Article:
Perham's Fifth Annual Harvest Festival draws hundreds
Area residents indulged in the wonderful activities that their fellow residents offered. Everything from apple bobbing, pumpkin carving, face painting, live music, and a strolling magician brought the city to life.
"After Dark" played music throughout the day, premiering from 11 a.m. to 3 p.m. at the Station House. The Perham Express brought residents to numerous stops along the way, or allowed people to simply enjoy a half-hour ride around the city.
At NP Park, Alyssa Bell brought her daughter Amelia to get her face painted by April Currier of Northwoods Assembly of God.
"It's nice to get out here. It's a beautiful day. Amelia's having fun and it's a great day with the family," Alyssa said.
Amelia's grandmother Cindy said, "It's great to see people out and about. We brought Amelia again so we could all enjoy the day together."
"It's awesome a community does things like this," said Alanna Burns.
Alanna's fellow face-painter Kristy said, "It's that small town feeling that Perham's bringing back and it's great."
"It's beautiful today!" exclaimed Amelia as she boarded the Perham Express.
Mark "Pa" Lenius was the conductor of the Perham Express Engine. His wife is "Ma" from Ma's Little Red Barn. Behind Ma's was a rummage sale.
Their granddaughter Jade rode up front with Pa as they traveled through the city. Jade's most fun part was spotting license plates from different states, asking Pa which state they were or pointing out new ones.
"I saw plates from North Dakota, Iowa, Wyoming, Illinois, Arizona, and Colorado!" she said.
"Everyone's thoroughly enjoyed the day," said Lenius. "We've had passengers from everywhere. People are having a blast. It's amazing."
When asked about donating his time, Lenius said, "You can thank Don Olson and Elmer Seedorf for everything."
A bronze plaque in the cabin of the Perham express reads, "The Perham Express Engine is dedicated to the loving memory of Don Olson and Elmer Seedorf who shared this vision."
Express Engine's afternoon stop
As the Perham Express Engine dropped a crowd off at a flea market at Blossom's, Birds & Beyond, Joann Spahn experienced a bit of a culture shock.
"I love this area," she said. "It's so much nicer here. Parts of California are nothing like this. People here leave their doors unlocked, everyone says hello or waves to you. I love it here."
Her granddaughter Destiny went bobbing for apples at NP Park.
When asked what her favorite part of the day was, she said, "Being with my grandchild. Best thing about life is being a grandparent."
Blossom's, Birds & Beyond was also the site of another flea market. Furniture, antiques, art, glassware, and canned goods were up for sale.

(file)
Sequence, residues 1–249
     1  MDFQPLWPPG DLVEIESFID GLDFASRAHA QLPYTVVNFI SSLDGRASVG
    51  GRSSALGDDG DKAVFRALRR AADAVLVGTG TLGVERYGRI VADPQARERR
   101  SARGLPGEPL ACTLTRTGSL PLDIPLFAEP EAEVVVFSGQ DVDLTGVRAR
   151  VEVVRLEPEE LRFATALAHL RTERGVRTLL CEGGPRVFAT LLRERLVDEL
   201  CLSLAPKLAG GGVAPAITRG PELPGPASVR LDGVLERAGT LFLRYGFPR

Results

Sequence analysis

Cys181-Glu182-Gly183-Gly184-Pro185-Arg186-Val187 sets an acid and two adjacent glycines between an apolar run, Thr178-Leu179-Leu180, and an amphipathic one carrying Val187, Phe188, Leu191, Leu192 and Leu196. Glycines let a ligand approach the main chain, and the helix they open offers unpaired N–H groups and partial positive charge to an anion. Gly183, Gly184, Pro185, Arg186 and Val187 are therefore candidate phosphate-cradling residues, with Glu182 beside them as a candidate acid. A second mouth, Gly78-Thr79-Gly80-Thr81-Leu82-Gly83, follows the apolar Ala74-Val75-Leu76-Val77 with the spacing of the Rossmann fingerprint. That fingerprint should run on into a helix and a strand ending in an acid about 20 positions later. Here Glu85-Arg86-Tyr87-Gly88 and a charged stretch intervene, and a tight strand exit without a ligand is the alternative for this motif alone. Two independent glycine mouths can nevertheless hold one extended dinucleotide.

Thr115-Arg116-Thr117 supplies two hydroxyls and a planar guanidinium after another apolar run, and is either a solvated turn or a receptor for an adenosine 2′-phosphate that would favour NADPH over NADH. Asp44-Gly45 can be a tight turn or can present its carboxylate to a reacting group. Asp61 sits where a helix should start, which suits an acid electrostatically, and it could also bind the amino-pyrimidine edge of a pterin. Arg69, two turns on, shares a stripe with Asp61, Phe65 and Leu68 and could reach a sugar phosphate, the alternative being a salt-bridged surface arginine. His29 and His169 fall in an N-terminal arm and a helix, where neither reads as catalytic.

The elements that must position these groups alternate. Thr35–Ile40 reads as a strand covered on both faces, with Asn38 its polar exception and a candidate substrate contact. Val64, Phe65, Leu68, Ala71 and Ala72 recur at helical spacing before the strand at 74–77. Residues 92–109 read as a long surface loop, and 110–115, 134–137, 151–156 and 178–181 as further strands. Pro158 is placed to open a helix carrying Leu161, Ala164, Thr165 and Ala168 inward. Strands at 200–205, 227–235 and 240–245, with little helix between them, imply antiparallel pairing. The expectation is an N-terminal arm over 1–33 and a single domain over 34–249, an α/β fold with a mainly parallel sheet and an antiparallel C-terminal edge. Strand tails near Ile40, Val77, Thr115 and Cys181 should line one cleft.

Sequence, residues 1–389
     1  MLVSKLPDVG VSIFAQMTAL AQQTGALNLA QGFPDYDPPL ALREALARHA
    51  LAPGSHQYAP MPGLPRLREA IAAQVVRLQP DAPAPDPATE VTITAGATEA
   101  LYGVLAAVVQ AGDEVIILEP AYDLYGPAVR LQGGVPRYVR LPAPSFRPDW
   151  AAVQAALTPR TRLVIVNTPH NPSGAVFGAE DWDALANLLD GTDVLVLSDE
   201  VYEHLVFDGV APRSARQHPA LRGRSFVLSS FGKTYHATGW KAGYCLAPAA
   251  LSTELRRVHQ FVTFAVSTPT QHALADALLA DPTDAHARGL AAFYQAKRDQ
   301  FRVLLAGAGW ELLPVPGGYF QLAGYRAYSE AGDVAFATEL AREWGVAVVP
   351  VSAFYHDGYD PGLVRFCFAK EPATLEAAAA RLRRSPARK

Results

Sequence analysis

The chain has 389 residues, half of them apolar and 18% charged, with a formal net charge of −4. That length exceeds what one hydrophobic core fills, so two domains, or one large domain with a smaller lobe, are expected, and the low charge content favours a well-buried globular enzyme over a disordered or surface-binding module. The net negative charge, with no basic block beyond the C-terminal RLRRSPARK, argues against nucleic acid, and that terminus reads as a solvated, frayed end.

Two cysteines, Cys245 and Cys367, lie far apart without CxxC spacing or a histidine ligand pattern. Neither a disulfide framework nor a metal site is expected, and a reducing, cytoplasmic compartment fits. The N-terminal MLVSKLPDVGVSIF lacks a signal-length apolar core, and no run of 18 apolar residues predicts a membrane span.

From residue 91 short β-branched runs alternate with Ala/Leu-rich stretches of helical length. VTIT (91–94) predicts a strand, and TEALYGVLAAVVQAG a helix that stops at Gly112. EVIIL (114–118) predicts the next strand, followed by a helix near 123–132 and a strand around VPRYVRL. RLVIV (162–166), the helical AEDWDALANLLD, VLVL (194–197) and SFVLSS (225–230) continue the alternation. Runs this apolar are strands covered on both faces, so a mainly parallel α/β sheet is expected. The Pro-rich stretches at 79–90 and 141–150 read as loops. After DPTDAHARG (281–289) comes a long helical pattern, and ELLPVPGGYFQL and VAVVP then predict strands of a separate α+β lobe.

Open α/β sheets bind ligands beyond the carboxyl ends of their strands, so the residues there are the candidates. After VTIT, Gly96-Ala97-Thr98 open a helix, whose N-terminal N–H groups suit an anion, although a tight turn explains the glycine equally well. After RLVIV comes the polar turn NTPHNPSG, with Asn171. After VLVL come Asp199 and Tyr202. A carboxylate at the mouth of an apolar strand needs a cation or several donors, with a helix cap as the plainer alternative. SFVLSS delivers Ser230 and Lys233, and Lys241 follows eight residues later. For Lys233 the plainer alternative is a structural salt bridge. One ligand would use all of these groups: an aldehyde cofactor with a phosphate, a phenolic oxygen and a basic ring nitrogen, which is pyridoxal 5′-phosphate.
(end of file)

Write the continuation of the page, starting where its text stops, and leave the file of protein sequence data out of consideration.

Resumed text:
Jo Meyer held wreath-making classes throughout the day, with a small charge of five dollars for supplies. The Future Farmer's of America (FFA) offered a Petting Zoo and brought along a small cow, horse, a chicken, a rabbit, and chinchillas.
The other flea market was held across from Pizza Ranch in downtown Perham. Jelly, syrup, quilts, farm toys, Minnesota-made crafts, jewelry, and sample furniture were for sale.
The Lakes Lions Club offered brat, hot dogs, mini-donuts, and roast turkey.
Carving and painting
Becky Gould, daughter of Tom and Kathy Gould who served as event organizers, helped children carve pumpkins and learn new techniques. They brought along safe plastic tools for the children. At one point, they had ten children carving at once.
It was Becky's first time carving pumpkins at the Harvest Festival, she said. Her father had asked her to come out from Bismarck, N.D.
"It's great visiting friends and family from out of state," she said.
She showed pumpkin-carvers how to paint gourds into little monsters, how to make three dimensional pumpkin carvings, and also new techniques on how to make their art stay longer.
By using rubbing alcohol along the cut edges and Vaseline along the insides, it prolongs the life of the carved pumpkin. The rubbing alcohol prevents the cuts from receding, and the Vaseline prevents water from escaping.
Bryan Barnes, who helped Becky throughout the day with apple bobbing, carving, and painting, said, "Came out and had a great time."
Dean's and Service Food donated apples for the apple bobbing, and Carol Buchholz donated all 50 of the pumpkins for the carving, painting and placing around town.
All 64 businesses that provided retail sales and promotions helped distribute the flyers.
Event organizer Kathy Gould spent a lot of time as "a committee of one," with the help of friends and volunteers.
"Pa did an awful lot to help me that morning. He was really a great help to me."
"The day was perfect. I was really pleased with the Harvest Festival."
"We had a lot of kids and a lot of families gathering together. The people who showed up to the event were pleased. There was something for everyone."
Many volunteers and donors spent a lot of time and effort to make the event possible for the community.
People who attended the festival shared the same sentiments - it was a beautiful day and full of fun.
Harvesting the Harvest Fest Pumpkins
By Melissa Swenson
Friday, October 1 was a beautiful, blue sky, big puffy cloud kind of day - perfect for picking pumpkins. Kathy and Tom Gould, this year's Harvest Fest organizers, needed help gathering pumpkins for the event, and the staff of the EOT Focus was happy to lend a hand.
The Harvest Fest pumpkins were donated by Carol and Rich Bucholz of rural Perham. The Bucholz's are big gardeners and according to Carol, "If there's a patch of dirt somewhere, Rich will plant something on it."
Carol went above and beyond to help the Focus crew by cutting the pumpkins off the vine and in most cases, searching out the best pumpkins in the field.
The pumpkins were used in the carving and decorating demonstrations that were lead by Becky Gould of Bismark.